Changes to our sleep patterns naturally occur with aging, but scientists are finding links between changes to sleep and senior cognitive decline, dementia and memory impairment.
In recent years, scientists have begun uncovering the brain mechanisms behind the specific type of memory impairment that naturally occurs with aging, and one of the findings that keeps popping up is the relationship between brain deterioration, memory loss and sleep.
Sleep and Senior Memory Impairment
One of the exciting recent discoveries scientists have made in the area of aging is the link between poor sleep and senior memory impairment in the aging brain. Neuroscientists at the University of California, Berkeley, reported their findings in a study that compared memory retention in groups of both older and younger adults.
Released in Nature Neuroscience, the study found that age-related deterioration of the prefrontal cortex region of the brain was associated with a failure to achieve the kind of deep, slow-wave sleep that helps the brain consolidate memories and information in seniors.
“When we are young, we have deep sleep that helps the brain store and retain new facts and information,” explained Matthew Walker, associate professor of psychology and neuroscience at UC Berkeley and senior author of the study, in a news release. “But as we get older, the quality of our sleep deteriorates and prevents those memories from being saved by the brain at night.”
Though it may seem there’s nothing that we can do about the inevitable changes that happen in our brains as we age, there is a hopeful angle to the outcome of this study. The researchers’ findings may help future studies pinpoint new treatment angles for age-related memory impairment. In fact, scientists are already designing studies to determine whether enhancing sleep in older adults can improve their overnight memory retention.
What Adds to My Dementia Risk?
There is also another, more serious reason to tackle the problem of poor sleep in seniors: the risk of developing dementia or memory impairment later in life. The National Institutes of Health shares that not only do people get less deep sleep as they get older, they are also more likely to experience disruptions to their sleep schedule, suffer from insomnia or sleep apnea, or develop movement disorders like restless legs syndrome that keep them from getting a good night’s sleep. Scientists are now finding that some of these sleep disruptions are associated with impaired cognition and, in some cases, the later onset of dementia.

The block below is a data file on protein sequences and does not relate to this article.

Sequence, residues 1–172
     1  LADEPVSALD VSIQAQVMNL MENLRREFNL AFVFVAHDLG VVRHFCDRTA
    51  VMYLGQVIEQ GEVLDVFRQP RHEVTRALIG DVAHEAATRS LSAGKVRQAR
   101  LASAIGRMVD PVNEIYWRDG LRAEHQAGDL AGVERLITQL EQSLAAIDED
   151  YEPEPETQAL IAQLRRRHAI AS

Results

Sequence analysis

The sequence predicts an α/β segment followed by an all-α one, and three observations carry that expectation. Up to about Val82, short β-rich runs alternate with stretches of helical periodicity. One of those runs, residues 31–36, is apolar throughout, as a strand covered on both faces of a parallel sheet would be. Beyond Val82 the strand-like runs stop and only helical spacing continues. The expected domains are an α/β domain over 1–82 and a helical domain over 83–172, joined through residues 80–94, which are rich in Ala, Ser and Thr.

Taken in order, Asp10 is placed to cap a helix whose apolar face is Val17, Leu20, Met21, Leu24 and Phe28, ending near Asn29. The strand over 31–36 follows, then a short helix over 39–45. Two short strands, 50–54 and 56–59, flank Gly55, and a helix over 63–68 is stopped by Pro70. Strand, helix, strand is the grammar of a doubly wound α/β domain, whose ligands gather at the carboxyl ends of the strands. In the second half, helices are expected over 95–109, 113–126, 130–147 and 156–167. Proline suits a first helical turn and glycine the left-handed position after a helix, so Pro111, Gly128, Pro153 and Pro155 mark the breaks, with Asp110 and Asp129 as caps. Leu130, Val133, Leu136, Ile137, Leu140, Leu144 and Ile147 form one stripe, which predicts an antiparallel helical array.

Dr. Kristine Yaffe, a psychiatrist at the University of California, San Francisco, has co-authored numerous studies looking at the relationship between cognition and sleep in older adults. One of those studies found that older women with sleep-disordered breathing — seen in conditions such as sleep apnea — had an increased risk of developing cognitive impairment five years later.
In another study, older men who experienced incidents of waking up at night after initially going to sleep showed poorer cognition than those with normal sleep patterns. In many of these cases, treating the causes of sleep problems like apnea may be able to reduce the risk of dementia later on.
In the end, however, it’s important to remember that there is not a simple cause-and-effect relationship between dementia risk, memory loss or sleep. The interactions between cognitive impairment and sleep are complex, and just as there are many factors that cause changes in sleep as our loved ones get older, there are also numerous causes for age-related mental decline.